The numbers for the week – 30 May 2022

The numbers for the week – 30 May 2022

Markets last week

After seven down weeks, risk markets finally recovered last week. Equities staged a meaningful rally globally, with the exception of emerging markets. The movement was probably a technical bounce, since nothing fundamental improved in economic data and the minutes from the US Federal Reserve (Fed) did not signal any reprieve in the relentless pace of rate hikes.

The UK was the focus of attention, as the services Purchasing Managers’ Index (PMI) collapsed, weighing on sterling for a couple of days, and as the Chancellor of the Exchequer finally decided to slap a windfall profits tax on oil and gas companies to help British households with their energy bills.

Economic data was not earth-shattering last week. In the US, there was a noticeable slowdown in housing, but steady employment and income against the backdrop of softer economic surveys. Surprisingly, German data seemed to indicate a rebound in activity. China was still under scrutiny by world investors, with industrial profits tumbling but the authorities trying to revive the weak economy through monetary and fiscal policy, which helped trigger a rebound in Chinese technology shares.

After a few weeks of softness recently, oil prices strengthened during the week in line with the recovery in investment sentiment rather than tighter supplies or headlines from the conflict. At the end of the week, Brent crude neared US$120/bbl, near the high that followed the onset of the Ukraine war.

Over the week, equities sported a large bounce. Government bond yields were fairly steady with US yields falling but Europe and the UK rising, and the US yield curve spread (difference between 2-year and 10-year treasury bonds) at 26 bps. The US dollar fell quite sharply with risk appetite returning. It has now given up more than 1/3 of its advance since the beginning of the Ukraine conflict.

Within equities, technology was the recovery poster child, up 7.5% in US dollars, whilst defensive sectors improved less. Quite logically then, the US market was the strongest whereas Asian and emerging markets struggled to make any progress.


The week ahead

Monday: China manufacturing and non-manufacturing PMIs and Caixin manufacturing PMI.

Our thoughts: the Chinese PMIs have collapsed in the last few months, mostly due to the COVID-19 infection lockdowns in light of the zero COVID-19 policy and poor efficiency of the Chinese vaccines. There is a market expectation of a recovery, in particular in the non-manufacturing PMI which collapsed to the low 40s the previous month. Markets have started to price in a recovery in Chinese activity after the additional stimulus offered by the authorities. How much of that improvement will be visible in the PMIs? The relative performance of Chinese and far eastern equities compared to the rest of the world, may well be affected by the Chinese PMIs.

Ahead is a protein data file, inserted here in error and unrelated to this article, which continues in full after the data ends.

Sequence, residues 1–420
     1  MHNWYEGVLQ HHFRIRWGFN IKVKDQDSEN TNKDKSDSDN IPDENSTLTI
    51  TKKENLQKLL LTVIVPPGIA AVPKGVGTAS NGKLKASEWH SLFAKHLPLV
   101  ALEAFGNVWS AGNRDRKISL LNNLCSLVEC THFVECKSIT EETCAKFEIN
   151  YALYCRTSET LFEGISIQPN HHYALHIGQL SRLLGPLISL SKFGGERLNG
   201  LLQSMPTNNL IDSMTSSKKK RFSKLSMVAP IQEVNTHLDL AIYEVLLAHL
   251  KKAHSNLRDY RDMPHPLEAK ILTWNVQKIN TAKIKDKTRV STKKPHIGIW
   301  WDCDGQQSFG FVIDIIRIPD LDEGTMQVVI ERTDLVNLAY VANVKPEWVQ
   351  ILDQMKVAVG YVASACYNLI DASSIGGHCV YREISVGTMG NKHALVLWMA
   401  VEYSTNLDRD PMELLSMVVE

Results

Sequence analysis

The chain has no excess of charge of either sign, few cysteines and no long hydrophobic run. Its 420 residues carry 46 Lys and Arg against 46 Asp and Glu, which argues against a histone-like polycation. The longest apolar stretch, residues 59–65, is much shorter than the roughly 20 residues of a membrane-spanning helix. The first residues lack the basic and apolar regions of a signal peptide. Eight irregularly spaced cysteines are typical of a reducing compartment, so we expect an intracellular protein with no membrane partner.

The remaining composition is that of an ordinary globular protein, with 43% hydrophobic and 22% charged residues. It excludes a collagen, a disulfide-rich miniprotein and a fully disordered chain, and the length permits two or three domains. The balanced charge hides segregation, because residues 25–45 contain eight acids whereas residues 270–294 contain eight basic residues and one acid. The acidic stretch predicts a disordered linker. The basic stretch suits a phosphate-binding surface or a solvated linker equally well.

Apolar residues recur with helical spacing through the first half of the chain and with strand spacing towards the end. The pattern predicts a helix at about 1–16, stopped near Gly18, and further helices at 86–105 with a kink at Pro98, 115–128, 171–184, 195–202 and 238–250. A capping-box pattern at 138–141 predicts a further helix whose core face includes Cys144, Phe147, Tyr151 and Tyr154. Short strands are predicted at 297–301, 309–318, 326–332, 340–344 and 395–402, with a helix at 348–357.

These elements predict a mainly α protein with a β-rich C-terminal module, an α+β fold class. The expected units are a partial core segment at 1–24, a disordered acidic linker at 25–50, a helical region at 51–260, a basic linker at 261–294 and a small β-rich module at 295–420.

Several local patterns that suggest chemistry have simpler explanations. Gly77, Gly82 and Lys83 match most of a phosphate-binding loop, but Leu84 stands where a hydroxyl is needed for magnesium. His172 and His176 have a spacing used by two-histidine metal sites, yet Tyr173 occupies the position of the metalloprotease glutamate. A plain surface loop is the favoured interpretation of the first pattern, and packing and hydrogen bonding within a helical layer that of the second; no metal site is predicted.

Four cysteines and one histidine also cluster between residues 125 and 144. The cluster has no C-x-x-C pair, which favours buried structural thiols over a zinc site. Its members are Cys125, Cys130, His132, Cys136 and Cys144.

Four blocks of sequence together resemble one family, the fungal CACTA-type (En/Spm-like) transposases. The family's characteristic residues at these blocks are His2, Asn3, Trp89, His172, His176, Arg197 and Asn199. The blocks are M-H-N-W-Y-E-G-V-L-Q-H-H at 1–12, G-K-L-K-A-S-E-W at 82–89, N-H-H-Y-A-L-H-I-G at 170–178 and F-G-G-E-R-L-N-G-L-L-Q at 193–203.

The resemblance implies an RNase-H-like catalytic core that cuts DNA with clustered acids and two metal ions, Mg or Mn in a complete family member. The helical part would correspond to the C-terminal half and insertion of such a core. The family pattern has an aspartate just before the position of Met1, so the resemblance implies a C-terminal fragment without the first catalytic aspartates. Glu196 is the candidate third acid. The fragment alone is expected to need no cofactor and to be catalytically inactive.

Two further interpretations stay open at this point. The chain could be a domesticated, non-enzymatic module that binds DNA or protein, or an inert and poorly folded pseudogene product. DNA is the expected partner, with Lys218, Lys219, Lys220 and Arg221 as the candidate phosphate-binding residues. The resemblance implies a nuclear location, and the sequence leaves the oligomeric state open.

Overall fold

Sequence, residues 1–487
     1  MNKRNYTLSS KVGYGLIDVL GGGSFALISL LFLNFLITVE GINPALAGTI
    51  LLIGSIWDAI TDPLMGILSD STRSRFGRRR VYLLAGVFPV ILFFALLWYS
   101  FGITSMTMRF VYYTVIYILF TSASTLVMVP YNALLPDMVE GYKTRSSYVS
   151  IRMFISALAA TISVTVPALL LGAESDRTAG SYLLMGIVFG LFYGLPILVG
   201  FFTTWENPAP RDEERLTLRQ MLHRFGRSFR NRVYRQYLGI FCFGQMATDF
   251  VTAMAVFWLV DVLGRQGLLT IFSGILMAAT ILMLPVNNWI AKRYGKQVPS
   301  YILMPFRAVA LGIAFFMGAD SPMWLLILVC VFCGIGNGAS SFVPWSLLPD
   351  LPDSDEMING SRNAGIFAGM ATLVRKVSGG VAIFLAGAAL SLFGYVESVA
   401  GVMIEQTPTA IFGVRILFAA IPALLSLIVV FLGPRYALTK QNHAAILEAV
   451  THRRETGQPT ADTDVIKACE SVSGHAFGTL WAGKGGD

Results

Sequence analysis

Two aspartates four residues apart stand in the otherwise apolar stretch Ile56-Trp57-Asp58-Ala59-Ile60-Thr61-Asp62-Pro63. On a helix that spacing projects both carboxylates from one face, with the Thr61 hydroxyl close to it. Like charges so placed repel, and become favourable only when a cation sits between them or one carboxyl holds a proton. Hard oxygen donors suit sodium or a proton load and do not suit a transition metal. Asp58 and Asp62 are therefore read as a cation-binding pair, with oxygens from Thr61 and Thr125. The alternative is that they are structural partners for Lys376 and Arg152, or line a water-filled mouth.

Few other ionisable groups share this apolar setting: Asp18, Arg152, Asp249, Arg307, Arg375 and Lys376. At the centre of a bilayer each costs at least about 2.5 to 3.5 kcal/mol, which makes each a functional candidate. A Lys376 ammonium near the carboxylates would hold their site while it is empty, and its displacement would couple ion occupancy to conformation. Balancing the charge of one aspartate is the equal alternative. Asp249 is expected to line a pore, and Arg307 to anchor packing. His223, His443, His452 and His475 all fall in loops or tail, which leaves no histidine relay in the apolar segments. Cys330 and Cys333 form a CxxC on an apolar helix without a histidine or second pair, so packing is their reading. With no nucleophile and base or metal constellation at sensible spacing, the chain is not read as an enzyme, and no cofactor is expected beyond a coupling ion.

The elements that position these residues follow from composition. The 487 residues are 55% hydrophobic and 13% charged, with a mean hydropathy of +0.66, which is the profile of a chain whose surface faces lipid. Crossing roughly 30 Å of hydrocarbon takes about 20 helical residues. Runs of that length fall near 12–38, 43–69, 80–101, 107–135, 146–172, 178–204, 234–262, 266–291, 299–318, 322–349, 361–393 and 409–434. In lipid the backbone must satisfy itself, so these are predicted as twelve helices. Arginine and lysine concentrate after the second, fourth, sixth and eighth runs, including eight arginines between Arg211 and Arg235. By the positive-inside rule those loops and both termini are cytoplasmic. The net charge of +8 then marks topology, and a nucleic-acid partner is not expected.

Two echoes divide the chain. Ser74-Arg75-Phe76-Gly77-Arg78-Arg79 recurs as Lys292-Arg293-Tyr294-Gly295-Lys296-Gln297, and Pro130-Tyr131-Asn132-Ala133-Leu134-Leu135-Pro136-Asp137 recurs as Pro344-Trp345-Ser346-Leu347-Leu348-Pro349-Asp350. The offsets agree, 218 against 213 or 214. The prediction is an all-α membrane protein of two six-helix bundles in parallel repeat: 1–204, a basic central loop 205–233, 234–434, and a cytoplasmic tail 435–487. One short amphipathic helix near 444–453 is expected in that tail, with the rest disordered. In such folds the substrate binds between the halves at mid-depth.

Wednesday: US ISM manufacturing PMI + JOLTS job openings.

Our thoughts: the Fed wants to slow the US economy to tackle inflation, hoping that this will create a soft landing rather than a recession. The jury is obviously still out as to whether the Fed will be able to accomplish this feat of moderate slowdown. Some data may be able to help us understand whether we are likely to get there or not. The Institute for Supply Management (ISM) is one of them. The ISM manufacturing PMI paints a very detailed picture of the US industrial sectors: orders, backlogs, exports and imports, delivery times, employment, inventories, etc. The regional Fed surveys (New York, Philadelphia, Kansas City and Richmond) overall have shown a steep drop this month, hence there is now the expectation that the ISM manufacturing survey will also fall meaningfully. Markets will undoubtedly react to the findings. Separately, the Job Openings and Labor Turnover Survey (JOLTS) has been the subject of endless amazement recently, with more than 1.7 jobs openings per jobseeker, so it will be interesting to see whether there is a softer tone to the data.

Friday: US employment numbers.

Our thoughts: of all the areas in the US economy that the Fed wants to slow down, the jobs market must be the most difficult. Employment doesn’t move up and down like a yo-yo, it either grows or shrinks non-stop. The trends don’t normally revert until there is a recession afoot. The current expectation for May employment data is for a 100K reduction in the non-farm payroll increase, whilst the unemployment rate should keep falling with the labour force participation rate steadily improving. This will obviously not please the Fed, who would like to see a change in the job creation trend. It will also be important to note the movement in average hourly earnings. Pre-COVID-19 earnings were rising at a 3.5% annualised and the recent reading was almost 5.5%. Are we likely to revert back to pre COVID-19 earnings growth or stay permanently at higher levels?